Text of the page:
It’s always a good idea to print out a copy of the drug-free policy and post it in a place the worker can see or access it easily. In states that have made marijuana legal, this can be very important. To find most states’ official drug-free policy, just Google ‘(your state) drug-free policy’ and it should pop up.
HIPAA standards and social media
As the saying goes, ‘what happens in Vegas, stays in Vegas’ and that is true for your home too! When support workers leave work, they can not go home and talk about anything that happened in our home. Sharing this type of information can jeopardize their employment and could have some serious consequences for them.
Another area that you need to talk to them about is social media and picture taking. I am hearing more frequently about caregivers taking pictures of the person they are supporting and posting them on social media without the family’s permission. That is a big no-no!
Discuss with your new employees how and when to notify you if they need to call in sick or to schedule time off.
How much time do you need to approve their timesheets before they have to be submitted? Some people can do this right away but others need more time due to their own demanding schedules.
Lastly, go over any emergency plans you may have in place. Let the workers know how to evacuate your home and where to meet up. How much support does the person they are taking care of need in an emergency? Be sure to post all information they might need if they had to call 911, such as your address, your loved one’s diagnosis, preferred hospital, and primary doctor.
General house policies
We want to give gifts to people who are important to us during the holiday season. However, giving gifts to our support workers is discouraged. Check with your state’s specific rules but here in Oregon, it is actually written in rule that caregivers can not accept or request gifts, or loans, of cash or property. We can say thank you, write a thank you card, or a letter of reference but that is all.
We do not have to provide them with food or drinks while they are on the job. If they want food or drink, that is COB, their cost of doing business. If they want it, they have to provide it themselves, just like in a normal office setting.
The same goes for gas money. If transportation is a covered service, you should not be giving them gas money because they are already getting mileage.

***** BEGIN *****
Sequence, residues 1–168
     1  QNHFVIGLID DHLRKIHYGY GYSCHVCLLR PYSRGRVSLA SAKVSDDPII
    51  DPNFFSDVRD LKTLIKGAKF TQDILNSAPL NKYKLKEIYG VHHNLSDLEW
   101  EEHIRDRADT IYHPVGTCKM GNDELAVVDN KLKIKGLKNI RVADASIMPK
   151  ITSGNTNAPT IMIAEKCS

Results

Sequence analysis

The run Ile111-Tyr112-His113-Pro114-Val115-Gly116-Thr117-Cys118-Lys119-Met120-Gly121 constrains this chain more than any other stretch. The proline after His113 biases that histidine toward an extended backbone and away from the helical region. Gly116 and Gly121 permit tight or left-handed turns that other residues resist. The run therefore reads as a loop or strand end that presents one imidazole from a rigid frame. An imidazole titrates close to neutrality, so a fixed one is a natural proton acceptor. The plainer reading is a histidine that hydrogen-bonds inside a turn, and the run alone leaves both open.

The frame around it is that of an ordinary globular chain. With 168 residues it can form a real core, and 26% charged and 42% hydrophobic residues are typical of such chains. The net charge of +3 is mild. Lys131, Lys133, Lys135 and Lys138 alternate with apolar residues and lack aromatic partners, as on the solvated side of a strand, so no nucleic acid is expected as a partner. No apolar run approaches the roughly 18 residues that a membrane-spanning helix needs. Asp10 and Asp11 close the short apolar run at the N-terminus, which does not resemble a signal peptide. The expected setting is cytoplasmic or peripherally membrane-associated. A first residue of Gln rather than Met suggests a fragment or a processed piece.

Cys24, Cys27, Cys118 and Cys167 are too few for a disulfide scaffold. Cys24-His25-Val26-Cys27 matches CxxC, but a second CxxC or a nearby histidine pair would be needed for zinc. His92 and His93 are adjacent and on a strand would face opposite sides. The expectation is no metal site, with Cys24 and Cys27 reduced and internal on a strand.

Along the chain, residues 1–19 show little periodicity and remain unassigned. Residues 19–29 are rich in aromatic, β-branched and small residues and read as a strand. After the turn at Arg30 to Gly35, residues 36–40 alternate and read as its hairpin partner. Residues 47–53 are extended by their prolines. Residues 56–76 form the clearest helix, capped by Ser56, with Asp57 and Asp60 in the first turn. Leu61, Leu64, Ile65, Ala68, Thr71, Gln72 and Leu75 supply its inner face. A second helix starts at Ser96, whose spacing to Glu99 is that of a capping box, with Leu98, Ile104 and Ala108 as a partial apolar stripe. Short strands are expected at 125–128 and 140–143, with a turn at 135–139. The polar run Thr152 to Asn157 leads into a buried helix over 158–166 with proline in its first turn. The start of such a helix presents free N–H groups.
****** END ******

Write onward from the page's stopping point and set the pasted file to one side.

Make it clear from the start that they can not bring guests or pets to work with them. If they wouldn’t do it in an office, they shouldn’t do it in your home. What you allow once, will continue to happen, so it’s better to just say no.
I worked with a woman who was in her thirties at the time. She was very capable and independent but she let her support worker bring her two-year-old to work with her. Everything that they did, revolved around what the two-year-old wanted to do, not what a 30-year-old woman wanted to do.
I keep saying it and it is true, just because someone’s job is in your home, does not mean that normal workplace rules don’t apply. If they wouldn’t do it in an office at a normal 9-5 job, they shouldn’t be doing it in your home!
If a support worker needs to use electronics to provide support to your loved one, they need to ask you for permission. They can not use any type of electronics; TV, stereo, phones, or tablets for personal use. They can research local events, fun activities, or even recipes for the person they are supporting, as long as it is work related.
Do your support workers need to keep all doors that lead to an outside area locked at all times? This can be important for 2 reasons; 1. it can be a safety concern and 2. the person they support may be a runner.
Let your caregivers know that they need to follow all protocols, procedures, and responsibilities that you have outlined as part of their job. Don’t be afraid to put any and everything into writing. People tend to take things more seriously when they are in writing than if you just tell them how and when to do something. If it is in writing, they can also refer to it any time they have questions without having to bother you.
Have your house policies clearly defined for your new support worker. Even with support workers in place, don’t be afraid to write your expectations down and put them in place. If you feel awkward about it, blame it on me. You attended a training and discovered you had to do this. It won’t hurt my feelings!
If you have items in your house policies that I didn’t cover here, add them below in the comments. I am always looking for new ideas to add to my house policies!
Also, check out the other articles in this series:
36 Questions to Ask before Using Caregivers
Momma Bear’s Guide: When Planning To Use Caregivers
Momma Bear’s Guide: Help Wanted Ads For Caregivers
Momma Bear’s Guide: Interviewing Caregivers
Momma Bear’s Guide: Dress Code for Caregivers